We invite proposals from postgraduates and early career researchers in literature, history, politics and any other branch of the humanities. Papers can deal with any period/s, author/s or text/s produced between 1714 and 1914. They could focus on, but are not limited to, the following: Continue reading

Edwardian Encounters: ‘A Fancy Dress Dinner Party’ by Charles Ricketts

'A Fancy Dress Dinner Party' by Charles Ricketts, c.1904

‘A Fancy Dress Dinner Party’ by Charles Ricketts, c.1904

A small canvas in the Tullie House Gallery, Carlisle, offers a fascinating insight into the social life of a small group of Edwardian artists. The painting, by the multi-talented Charles Ricketts, depicts seven guests assembled at 11-13 Lansdowne Road, Holland Park, the house of Sir Edmund and Lady Mary Davis, on the 10th December 1904.

The Australian-born Edmund Davis was a highly successful businessman, who made most of his money in various South African ventures; not least gold and diamond mining. In 1889 he moved to London and married the talented Mary Halford, who encouraged his interest in art, which the couple started collecting in the late 1890s. Their tastes ranged widely, incorporating Old Master paintings, eighteenth century sculpture and contemporary works by the likes of Rodin (it is said that Edmund ‘liked to exercise surrounded by Rodin statues’). Continue reading

CFP: Modernist Criticisms

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Edwardian scholars may be interested in the following CFP:

Modernist Criticisms: Graduate Conference, Saturday 7 June 2014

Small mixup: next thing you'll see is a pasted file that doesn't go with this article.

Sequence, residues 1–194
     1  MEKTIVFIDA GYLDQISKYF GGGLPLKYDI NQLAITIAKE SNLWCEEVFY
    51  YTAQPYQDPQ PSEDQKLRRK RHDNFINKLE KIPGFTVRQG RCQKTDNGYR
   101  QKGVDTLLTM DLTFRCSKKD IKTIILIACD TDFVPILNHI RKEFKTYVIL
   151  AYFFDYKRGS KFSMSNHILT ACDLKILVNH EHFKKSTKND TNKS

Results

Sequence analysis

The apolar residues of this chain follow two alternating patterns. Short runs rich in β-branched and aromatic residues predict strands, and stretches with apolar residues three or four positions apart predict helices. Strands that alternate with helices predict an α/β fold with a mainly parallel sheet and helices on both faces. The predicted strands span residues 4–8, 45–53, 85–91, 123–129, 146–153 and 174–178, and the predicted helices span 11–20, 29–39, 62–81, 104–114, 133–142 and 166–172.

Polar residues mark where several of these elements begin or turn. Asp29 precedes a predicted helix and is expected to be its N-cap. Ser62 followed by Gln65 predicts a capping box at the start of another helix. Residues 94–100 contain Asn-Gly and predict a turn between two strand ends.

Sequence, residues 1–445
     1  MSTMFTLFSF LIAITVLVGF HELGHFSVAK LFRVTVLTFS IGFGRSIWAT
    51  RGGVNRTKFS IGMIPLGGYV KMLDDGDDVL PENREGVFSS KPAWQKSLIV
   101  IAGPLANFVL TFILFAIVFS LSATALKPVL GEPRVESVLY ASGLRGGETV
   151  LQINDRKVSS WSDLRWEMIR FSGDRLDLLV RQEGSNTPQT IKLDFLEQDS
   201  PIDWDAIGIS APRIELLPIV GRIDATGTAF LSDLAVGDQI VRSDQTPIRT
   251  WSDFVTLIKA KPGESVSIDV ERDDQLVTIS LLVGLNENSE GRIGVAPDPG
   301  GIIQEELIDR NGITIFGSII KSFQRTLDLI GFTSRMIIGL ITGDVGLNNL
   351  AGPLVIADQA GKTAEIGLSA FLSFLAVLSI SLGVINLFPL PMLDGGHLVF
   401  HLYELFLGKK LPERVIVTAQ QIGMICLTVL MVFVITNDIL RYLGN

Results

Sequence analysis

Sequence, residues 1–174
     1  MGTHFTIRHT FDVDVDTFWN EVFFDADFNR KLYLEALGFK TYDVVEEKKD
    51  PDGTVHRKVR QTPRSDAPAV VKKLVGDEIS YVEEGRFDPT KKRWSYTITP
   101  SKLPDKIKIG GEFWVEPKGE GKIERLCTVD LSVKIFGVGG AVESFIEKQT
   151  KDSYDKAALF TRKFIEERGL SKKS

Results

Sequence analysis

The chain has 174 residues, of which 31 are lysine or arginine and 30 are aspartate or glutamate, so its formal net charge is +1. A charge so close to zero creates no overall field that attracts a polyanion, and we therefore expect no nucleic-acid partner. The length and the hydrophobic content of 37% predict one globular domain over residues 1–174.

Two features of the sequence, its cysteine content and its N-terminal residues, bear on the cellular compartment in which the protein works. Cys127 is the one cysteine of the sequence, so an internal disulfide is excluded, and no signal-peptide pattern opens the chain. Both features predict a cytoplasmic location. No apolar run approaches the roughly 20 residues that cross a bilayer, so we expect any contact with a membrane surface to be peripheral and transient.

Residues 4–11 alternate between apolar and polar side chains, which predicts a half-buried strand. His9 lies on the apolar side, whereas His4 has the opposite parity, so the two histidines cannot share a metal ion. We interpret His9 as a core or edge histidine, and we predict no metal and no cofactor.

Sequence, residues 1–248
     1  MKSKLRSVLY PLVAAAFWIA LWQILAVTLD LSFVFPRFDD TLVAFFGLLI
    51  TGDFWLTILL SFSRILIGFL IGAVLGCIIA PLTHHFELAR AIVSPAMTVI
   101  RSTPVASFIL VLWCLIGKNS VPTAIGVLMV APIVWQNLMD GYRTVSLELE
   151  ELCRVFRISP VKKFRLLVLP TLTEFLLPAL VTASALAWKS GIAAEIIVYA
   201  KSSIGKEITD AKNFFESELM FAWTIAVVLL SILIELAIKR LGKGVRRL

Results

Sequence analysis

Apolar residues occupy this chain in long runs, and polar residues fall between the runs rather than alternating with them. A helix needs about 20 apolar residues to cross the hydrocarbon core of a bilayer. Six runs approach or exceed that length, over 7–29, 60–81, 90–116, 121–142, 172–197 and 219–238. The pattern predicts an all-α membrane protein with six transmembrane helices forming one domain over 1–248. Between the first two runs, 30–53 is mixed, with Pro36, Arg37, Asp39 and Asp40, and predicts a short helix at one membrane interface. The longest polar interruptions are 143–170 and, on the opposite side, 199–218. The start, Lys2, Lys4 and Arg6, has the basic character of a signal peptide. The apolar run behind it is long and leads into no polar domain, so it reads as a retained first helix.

Centre for Modernist Studies, University of Sussex

Keynote Speaker: Professor Tim Armstrong, Royal Holloway

Our conceptions of modernism are not just informed by its literature. As is widely recognized, essays including Woolf’s ‘Modern Fiction’ and Eliot’s ‘Tradition and the Individual Talent’ provide these writers – and their readers -alternative methods of approaching literary questions and a wider arena within which to expound and explore their theories. But while the critical texts of these canonical figures are well known and studied, work by various minor figures of the period, and this work’s engagement with their artistic concerns, is still frequently overlooked. Many kinds of writing remain marginalized within studies of modernist literature, including work for commercial publications and political movements, for educational instruction, and writing beyond the literary scenes of London and Paris. Research into early twentieth-century literary culture has stimulated important discussions surrounding the production and reception of modernist criticism, including the impact of publishing practices and the professionalization of intellectual pursuits. But this research prompts a need for further enquiry into how critical and creative writing in this period are mutually engaged with these cultural contexts in view. Continue reading

CFP: Cosmopolis: Ford Madox Ford and the Cultures of Paris

Robert Delaunat, 'Eiffel Tower', c.1910

Robert Delaunay, ‘Eiffel Tower’, c.1910

Edwardian scholars may be interested in the following CFP:

Cosmopolis: Ford Madox Ford and the Cultures of Paris

An International Conference organised in association with the Ford Madox Ford Society, Université Sorbonne Nouvelle – Paris 3, and Università degli Studi, Milano

Paris, France
11-13 September 2014

As in the case of many Anglo-American modernist and avant-garde writers, Paris features substantially in Ford’s narratives, criticism and recollections after having for many years offered him the familiarity of a home. But beyond the transnational encounter – experienced by quite a few of his colleagues – there is something exceptional, indeed unique, in Ford’s engagement with the French capital. A singularity due in the first place to the span of years which saw Ford busy exploring and enjoying the most exciting chapters of the lively and multiple cultures deployed in the city, from the late nineteenth century to the late 1930s. Continue reading